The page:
Japan (2017) Dir. Nobuhiko Obayashi
Very few people get to learn when their time is up, so they can prepare for taking the necessary steps for their final hurrah. Surreal Japanese director Nobuhiko Obayashi was someone afforded this privilege, so he decided his swan song would be to make the film he had wanted to make for over 45 years.
In 1941, 17 year-old student Toshihiko Sakakiyama (Shunsuke Kubozuka) returns from Amsterdam to study in the small costal town of Karatsu. He lives with his rich aunt Keiko (Takako Tokiwa), and her ailing sister-in-law Mina (Honoka Yahagi), who is dying from TB. At school, Toshihiko befriends laconic monk Kira (Keishi Nagatsuka), oddball Aso (Tokio Emoto), and dashing Ukai (Shinnosuke Mitsushima).
Through them, Toshihiko meets Kira’s melancholic cousin Chitose (Mugi Kadowaki) and Akine (Hirona Yamazaki), both also Mina’s friends. But with the war raging and an American invasion imminent after the Japanese attack on Pearl Harbour, it could be the last summer these teenagers will spend together, as one by one the boys are drafted into the army.
Forgive me if I struggle with this review but Hanagatami is one of those films that left me so baffled and bemused that I really don’t know where to begin with it. This isn’t to say I disliked it – it is a remarkable film, even if we can disregard the circumstances under which it was made. In fact, this wasn’t Obayashi’s final film after all – he managed to make one more in 2019 before his death in 2020.
Adapted from the 1937 novel Kazuo Dan, Obayashi personally promised the author he would make a film of his work before he died, and Hanagatami was to be his debut film. This didn’t happen but after the success of the bonkers House, Obayashi planned his second attempt to make Hanagatami, but felt the timing wasn’t right for a war film. It was upon learning he had terminal cancer in 2016 with a few months to live that the project was again revived.
Whilst Obayashi wasn’t able to be present for the whole shoot, there are no signs this is the work of a director on his last legs, not in the least the near 3-hour run time. His trademark abstract creativity remains brimming with vitality and energy, the dark, often maudlin themes of the looming spectre of war taking away one’s youth at odds with the vivid colour palette are suffused with defiance. The tone may be palpably valedictorian not submissively so, as if Obayashi refuses to give in so easily.
Perhaps the first sign of this is in the casting. None of the male cast playing teenagers will ever see 30 again (one is 42!), either a dig at the Hollywood practice of casting older actors or Obayashi had a more pertinent reason for this. The presentation is heavy on the symbolism so it is likely this is related to that. It is also for this reason that the story is almost impenetrable for the first hour plus, preoccupied with world building and introducing the characters.
Essentially, the cast is small but their diverse personalities are enough to keep the story moving and the energy levels up for needlessly overlong run time. However, some have multiple layers to them that are revealed in drips or borne out by plot twists that confuse as much as change the story trajectory. Few of these bear any relation to the war, a subject not even raised in earnest until 80-minutes have passed, but still manages remain a mere catalyst for some of the obscure drama that unfolds.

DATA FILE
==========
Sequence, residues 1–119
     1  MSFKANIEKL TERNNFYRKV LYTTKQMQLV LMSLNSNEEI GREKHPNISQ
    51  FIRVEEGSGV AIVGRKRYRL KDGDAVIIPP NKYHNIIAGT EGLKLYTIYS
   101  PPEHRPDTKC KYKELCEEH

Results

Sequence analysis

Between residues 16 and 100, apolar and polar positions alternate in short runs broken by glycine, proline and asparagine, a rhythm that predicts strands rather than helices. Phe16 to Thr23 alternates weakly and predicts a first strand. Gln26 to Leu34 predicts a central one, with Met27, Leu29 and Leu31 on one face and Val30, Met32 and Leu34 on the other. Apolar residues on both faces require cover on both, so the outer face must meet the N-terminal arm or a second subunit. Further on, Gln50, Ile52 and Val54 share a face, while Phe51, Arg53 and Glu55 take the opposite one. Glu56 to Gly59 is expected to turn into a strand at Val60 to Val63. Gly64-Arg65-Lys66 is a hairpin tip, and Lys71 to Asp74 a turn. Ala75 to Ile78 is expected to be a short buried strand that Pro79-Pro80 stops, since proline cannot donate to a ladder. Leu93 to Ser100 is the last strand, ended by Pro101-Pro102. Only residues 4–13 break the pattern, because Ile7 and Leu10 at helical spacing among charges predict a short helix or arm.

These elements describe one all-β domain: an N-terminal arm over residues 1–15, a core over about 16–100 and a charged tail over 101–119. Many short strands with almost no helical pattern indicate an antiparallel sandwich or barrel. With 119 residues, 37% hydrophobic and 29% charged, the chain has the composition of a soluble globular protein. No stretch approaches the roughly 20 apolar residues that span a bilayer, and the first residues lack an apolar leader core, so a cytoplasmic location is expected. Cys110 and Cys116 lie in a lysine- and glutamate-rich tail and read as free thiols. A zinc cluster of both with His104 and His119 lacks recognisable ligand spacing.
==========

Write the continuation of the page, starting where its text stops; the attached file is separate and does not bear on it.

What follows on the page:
Blood is a prominent leitmotif, maybe a presage of the fate that awaits the cast; I have to confess I was initially convinced this was a vampire movie not a war movie. Mina would see everything as blood, whenever red wine is drink it turns to blood, and Keiko has a habit of biting her finger to draw out the red stuff. Mina’s TB felt like a cover for her vampiric leanings and Toshihiko was her next victim; for the record, I was wildly wrong!
So what is it about? Well, I’m clearly to thick to answer this as a lot of it went over my head or was buried too deeply beneath the directionless prolix dialogue and eye-popping visuals. However, I was able to glean the basic anti-war message of how sending the young out to fight and potentially robbing them of a future is cruel obligation, not helped by the indoctrinated tenet of the Japanese that dying for their country is an honour.
Revolving around Mina’s health and her satellite friends, this turns into a sort of farewell party for this less than cohesive unit, giving them a chance to clear the air, open their hearts, and maybe even have a wish granted. Time though is fleeting, and whilst it is accepted that youth is just one stage of our existence, this is a lament for those who never get to reflect on theirs, denied by the cruelty of war.
Obayashi however, has been given the opportunity of reminiscence, hence the inclusion of some of his own memories to the script, giving this a personal feel beyond his unique visual style. Roughly 85% of the shots were done before a green screen which is poorly disguised, but enhances the ethereal vibe and lapses into dreamlike distractions. The cast are equally magnetic, giving themselves over to their quirky roles yet never betray the basic human essence within them no matter how askew it may be.
Hanagatami is unfortunately a film I wished I liked more, but one I can certainly doff my cop to and appreciate as a cinematic achievement. Even if Obayashi wasn’t running his final lap when he made it, this would still be a stunning work to behold, offering a wild trip for those willing to partake, just a little too out there for my humble brain to keep up with.
Nobuhiko Obayashi 1938 – 2020